Conversion is so simple that the smallest child can be converted, but it is also so profound that theologians throughout history have pondered the depth of its meaning. God has made the way of salvation so plain that "the wayfaring men, though fools, shall not err therein" (Isaiah 35:8). No person will ever be barred from the kingdom of God because he did not have the capacity to understand. The rich and the poor, the sophisticated and the simple -- all can be converted.

      To sum it up, conversion simply means "to change." When   you are converted, you may continue to love objects which you loved before, but there will be a change of reasons for loving them. A converted person may forsake former objects of affection. You may even withdraw from your previous companions, not because you dislike them, for many of them will be decent and amiable, but because you have a greater desire to spend time with Christians who you now find to be like-minded.

      The converted person will love the good he once hated, and hate the sin he once loved. There will even be a change of heart about God. Where he once may have been careless about God, living in constant fear, dread, and antagonism to God, he now finds himself in a state of complete reverence, confidence, obedience, and devotion. There will be a reverential fear of God, a constant gratitude to God, a dependence upon God, and a new loyalty to Him. Before conversion there may have been gratification of the flesh. Cultural and intellectual pursuits or the making of money may have been of first and supreme importance. Now, righteousness and holiness of heart, and living the Christian life will be placed above all other concerns, for pleasing Christ will be the only goal of real importance. In other words, conversion means a complete change in the life of an individual.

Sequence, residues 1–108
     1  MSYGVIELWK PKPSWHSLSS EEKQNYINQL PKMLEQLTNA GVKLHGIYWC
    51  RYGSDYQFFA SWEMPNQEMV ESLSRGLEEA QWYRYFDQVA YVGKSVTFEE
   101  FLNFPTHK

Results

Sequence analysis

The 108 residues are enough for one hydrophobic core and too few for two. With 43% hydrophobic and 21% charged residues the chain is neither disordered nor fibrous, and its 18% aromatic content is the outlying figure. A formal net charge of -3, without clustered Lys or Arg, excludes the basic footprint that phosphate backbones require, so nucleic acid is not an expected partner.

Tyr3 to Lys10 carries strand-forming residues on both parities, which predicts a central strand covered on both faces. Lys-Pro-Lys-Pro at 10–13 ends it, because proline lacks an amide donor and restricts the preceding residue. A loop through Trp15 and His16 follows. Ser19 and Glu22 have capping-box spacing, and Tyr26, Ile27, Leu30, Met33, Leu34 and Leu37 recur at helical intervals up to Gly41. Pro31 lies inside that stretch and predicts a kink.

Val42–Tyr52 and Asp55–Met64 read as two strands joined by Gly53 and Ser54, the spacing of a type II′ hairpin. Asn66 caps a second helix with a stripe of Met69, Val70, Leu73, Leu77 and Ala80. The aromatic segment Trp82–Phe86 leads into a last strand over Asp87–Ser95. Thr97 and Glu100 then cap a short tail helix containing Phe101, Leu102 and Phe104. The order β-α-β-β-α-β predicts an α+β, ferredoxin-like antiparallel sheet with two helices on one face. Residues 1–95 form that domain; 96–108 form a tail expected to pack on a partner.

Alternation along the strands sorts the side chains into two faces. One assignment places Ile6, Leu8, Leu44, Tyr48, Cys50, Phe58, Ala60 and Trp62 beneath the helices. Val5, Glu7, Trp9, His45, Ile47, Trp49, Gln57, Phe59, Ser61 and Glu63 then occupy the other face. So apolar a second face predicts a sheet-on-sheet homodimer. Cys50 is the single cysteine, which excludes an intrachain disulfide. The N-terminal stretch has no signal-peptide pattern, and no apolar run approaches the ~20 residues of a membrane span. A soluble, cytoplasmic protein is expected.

A Case of Conversion

      I remember so vividly a young New York career girl who came out to Los Angeles to be married. She and her fiance had met when they were both working in a high-powered New York advertising agency, and their courtship had been conducted against the background of cocktail parties and night clubs. Filled with ambition and "on his way up," he had himself transferred to the California office, with the understanding that the girl would follow him in six months and they would be married.

      About a week after she had arrived in Los Angeles, expecting to take up a joyous new life, she discovered that the man had fallen in love with a movie starlet and lacked the courage to write her about it before she left New York!

      Here she was, alone in a city where she knew no one -- all her plans in ruins, her pride crushed, and the future stretching ahead, bleak and empty. Her family had not been religious, and in this hour of extreme need she knew of nowhere to turn for comfort, advice, or guidance.